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Versions: 00 01

Network Working Group                                  M. Boucadair, Ed.
Internet-Draft                                             J-L. Grimault
Intended status: Standards Track                          France Telecom
Expires: May 3, 2009                                            P. Levis
                                                         A. Villefranque
                                              France Telecom-Orange Labs
                                                        October 30, 2008


 DHCP Options for Conveying Port Mask and Port Range Router IP Address
                   draft-boucadair-dhc-port-range-01

Status of this Memo

   By submitting this Internet-Draft, each author represents that any
   applicable patent or other IPR claims of which he or she is aware
   have been or will be disclosed, and any of which he or she becomes
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   Internet-Drafts are working documents of the Internet Engineering
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   This Internet-Draft will expire on May 3, 2009.

Abstract

   This draft defines two new DHCP (Dynamic Host Configuration Protocol,
   [RFC2131]) Options to be used in the context of Provider-Provisioned
   CPE solution (a.k.a.  Port Range solution or Fractional Address).
   The first option is used to convey a Port Mask and the second one may
   be used to convey a list of Port Range Router IP addresses.

Requirements Language

   The key words "MUST", "MUST NOT", "REQUIRED", "SHALL", "SHALL NOT",



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   "SHOULD", "SHOULD NOT", "RECOMMENDED", "MAY", and "OPTIONAL" in this
   document are to be interpreted as described in RFC 2119 [RFC2119].


Table of Contents

   1.  Introduction . . . . . . . . . . . . . . . . . . . . . . . . .  3
   2.  Mask Port Option . . . . . . . . . . . . . . . . . . . . . . .  3
     2.1.  Definition . . . . . . . . . . . . . . . . . . . . . . . .  3
     2.2.  Purpose and Usage  . . . . . . . . . . . . . . . . . . . .  4
     2.3.  Illustration Examples  . . . . . . . . . . . . . . . . . .  5
       2.3.1.  One continuous Port Range  . . . . . . . . . . . . . .  5
       2.3.2.  Non Continous Port Range: Single Mask Port, 128
               Port Ranges  . . . . . . . . . . . . . . . . . . . . .  6
       2.3.3.  Two Long Port Ranges: Single Port Mask, two Port
               Ranges . . . . . . . . . . . . . . . . . . . . . . . .  6
       2.3.4.  Single Mask Port, 64 Port Ranges . . . . . . . . . . .  7
   3.  Port Range Router IP address DHCP Option (PRR IP Adress
       DHCP Option) . . . . . . . . . . . . . . . . . . . . . . . . .  7
     3.1.  Purpose and Usage  . . . . . . . . . . . . . . . . . . . .  8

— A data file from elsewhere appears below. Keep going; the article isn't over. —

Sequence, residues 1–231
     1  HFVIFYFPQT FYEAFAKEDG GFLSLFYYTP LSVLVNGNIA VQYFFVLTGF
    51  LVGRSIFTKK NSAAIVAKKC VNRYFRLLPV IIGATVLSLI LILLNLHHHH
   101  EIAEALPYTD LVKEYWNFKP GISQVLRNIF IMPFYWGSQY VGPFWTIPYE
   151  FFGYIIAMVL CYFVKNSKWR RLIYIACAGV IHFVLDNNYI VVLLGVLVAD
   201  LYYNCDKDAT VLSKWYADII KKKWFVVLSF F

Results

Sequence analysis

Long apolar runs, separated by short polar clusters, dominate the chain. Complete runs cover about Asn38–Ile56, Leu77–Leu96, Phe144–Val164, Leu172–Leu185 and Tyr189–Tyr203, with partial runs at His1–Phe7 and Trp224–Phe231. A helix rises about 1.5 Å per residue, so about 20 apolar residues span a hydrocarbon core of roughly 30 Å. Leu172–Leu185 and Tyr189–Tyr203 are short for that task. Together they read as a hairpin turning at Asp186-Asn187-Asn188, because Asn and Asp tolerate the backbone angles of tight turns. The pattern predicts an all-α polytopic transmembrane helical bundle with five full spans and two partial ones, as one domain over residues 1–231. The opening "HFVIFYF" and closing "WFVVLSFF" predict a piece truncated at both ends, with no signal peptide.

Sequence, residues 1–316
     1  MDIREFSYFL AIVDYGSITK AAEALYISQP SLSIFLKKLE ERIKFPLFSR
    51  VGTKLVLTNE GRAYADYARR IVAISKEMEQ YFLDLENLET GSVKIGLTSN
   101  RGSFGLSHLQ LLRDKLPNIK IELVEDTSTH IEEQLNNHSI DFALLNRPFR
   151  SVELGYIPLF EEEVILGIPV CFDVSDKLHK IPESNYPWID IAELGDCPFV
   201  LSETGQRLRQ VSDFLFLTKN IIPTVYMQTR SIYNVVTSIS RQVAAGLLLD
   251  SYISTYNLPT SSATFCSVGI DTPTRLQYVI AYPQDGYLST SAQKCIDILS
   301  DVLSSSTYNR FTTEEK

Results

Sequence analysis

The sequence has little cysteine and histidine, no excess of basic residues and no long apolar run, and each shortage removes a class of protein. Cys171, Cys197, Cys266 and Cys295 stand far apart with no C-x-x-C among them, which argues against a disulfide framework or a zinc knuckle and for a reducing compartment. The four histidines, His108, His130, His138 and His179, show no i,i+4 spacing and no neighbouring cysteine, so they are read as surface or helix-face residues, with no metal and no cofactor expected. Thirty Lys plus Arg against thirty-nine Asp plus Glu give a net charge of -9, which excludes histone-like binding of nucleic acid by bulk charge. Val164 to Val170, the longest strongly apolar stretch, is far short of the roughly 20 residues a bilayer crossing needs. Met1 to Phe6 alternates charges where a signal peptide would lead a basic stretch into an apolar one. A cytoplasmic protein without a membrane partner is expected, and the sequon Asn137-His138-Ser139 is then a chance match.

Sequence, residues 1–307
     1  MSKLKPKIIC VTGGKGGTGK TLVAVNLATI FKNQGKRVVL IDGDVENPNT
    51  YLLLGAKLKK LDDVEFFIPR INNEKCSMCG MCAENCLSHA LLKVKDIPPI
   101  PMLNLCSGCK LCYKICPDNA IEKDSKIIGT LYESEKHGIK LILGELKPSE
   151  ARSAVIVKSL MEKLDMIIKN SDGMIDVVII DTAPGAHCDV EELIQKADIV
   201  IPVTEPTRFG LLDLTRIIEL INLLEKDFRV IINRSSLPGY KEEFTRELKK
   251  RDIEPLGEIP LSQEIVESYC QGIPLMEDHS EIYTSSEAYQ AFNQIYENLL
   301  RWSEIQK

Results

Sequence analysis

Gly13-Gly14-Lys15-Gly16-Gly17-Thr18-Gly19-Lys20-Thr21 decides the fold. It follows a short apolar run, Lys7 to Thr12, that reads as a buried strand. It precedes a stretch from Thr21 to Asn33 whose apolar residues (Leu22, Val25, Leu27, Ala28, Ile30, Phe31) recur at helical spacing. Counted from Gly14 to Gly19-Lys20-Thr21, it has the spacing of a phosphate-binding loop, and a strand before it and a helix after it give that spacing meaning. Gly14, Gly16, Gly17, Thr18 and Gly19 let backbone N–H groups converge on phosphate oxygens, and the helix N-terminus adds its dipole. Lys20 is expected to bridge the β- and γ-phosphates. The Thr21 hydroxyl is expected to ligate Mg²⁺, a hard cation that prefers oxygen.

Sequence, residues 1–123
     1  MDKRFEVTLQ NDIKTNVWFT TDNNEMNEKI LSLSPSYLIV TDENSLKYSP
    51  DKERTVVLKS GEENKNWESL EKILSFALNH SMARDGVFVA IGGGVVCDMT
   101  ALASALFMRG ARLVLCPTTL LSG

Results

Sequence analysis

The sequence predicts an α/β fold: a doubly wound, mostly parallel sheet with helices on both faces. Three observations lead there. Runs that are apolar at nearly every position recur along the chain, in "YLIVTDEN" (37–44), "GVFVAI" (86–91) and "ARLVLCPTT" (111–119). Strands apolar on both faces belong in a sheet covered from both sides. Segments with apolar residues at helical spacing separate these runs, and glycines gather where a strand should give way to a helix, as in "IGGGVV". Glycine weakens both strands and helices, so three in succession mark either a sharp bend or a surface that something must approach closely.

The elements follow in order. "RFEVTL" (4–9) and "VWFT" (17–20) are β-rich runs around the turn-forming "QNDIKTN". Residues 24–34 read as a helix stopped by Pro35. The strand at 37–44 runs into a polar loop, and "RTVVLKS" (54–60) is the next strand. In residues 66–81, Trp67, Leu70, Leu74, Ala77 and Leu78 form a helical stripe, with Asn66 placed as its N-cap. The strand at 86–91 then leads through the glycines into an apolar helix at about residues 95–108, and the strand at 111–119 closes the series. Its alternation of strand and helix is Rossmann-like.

3.2.  Illustration Example . . . . . . . . . . . . . . . . . . .  8
   4.  IANA Considerations  . . . . . . . . . . . . . . . . . . . . .  9
   5.  Security Considerations  . . . . . . . . . . . . . . . . . . .  9
   6.  Acknowledgements . . . . . . . . . . . . . . . . . . . . . . . 10
   7.  References . . . . . . . . . . . . . . . . . . . . . . . . . . 10
     7.1.  Normative References . . . . . . . . . . . . . . . . . . . 10
     7.2.  Informative References . . . . . . . . . . . . . . . . . . 10
   Appendix A.  Enhanced Port Range DHCP Option . . . . . . . . . . . 10
     A.1.  Two continuous Port Ranges of different sizes  . . . . . . 12
     A.2.  Two Port Ranges with some ports excluded from the
           first range  . . . . . . . . . . . . . . . . . . . . . . . 13
   Appendix B.  Changes since 00 version  . . . . . . . . . . . . . . 13
   Authors' Addresses . . . . . . . . . . . . . . . . . . . . . . . . 13
   Intellectual Property and Copyright Statements . . . . . . . . . . 15

















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1.  Introduction

   Recently, in the context of IPv4 address depletion, several solutions
   have been disseminated within IETF to propose viable alternative
   solutions to Carrier Grade NAT (CG-NAT).  [ID.boucadair] is an
   example of these solutions which propose to share the same IP address
   among several devices and to constraint the values used as port
   sources to a limited set of values.  As described in [ID.boucadair],
   a new DHCP is required to notify remote devices about the allowed
   port values.  This is mainly achieved owing to the Port Mask DHCP
   Option.

   This proposal tackles the issue of assigning Port Ranges in a
   different way than that of [ID.bajko].  The proposed DHCP option only
   applies to the allocation of ports and not of IP addresses.
   Therefore the allocation of IP addresses and the allocation of ports
   are decorrelated from a DHCP point of view.  Consequently, this draft
   does not introduce a conflict to manage existing DHCP options and the
   new ones (especially with those options including a "requested
   address" defined in [RFC2132]).  In addition, the proposed option
   allows the definition of Port Ranges in a very flexible way; non
   contiguous values are possible, which prevents for instance to
   allocate all well-known ports to the same customer.

   This draft defines the notion of Port Mask which is generic and
   flexible.  Several allocation schemes may be implemented owing to a
   Port Mask.  This draft proposes a basic mechanism allowing to
   allocate a unique Port Mask.  The Annex describes a variant
   permitting a more sophisticated allocation of ports such as: allocate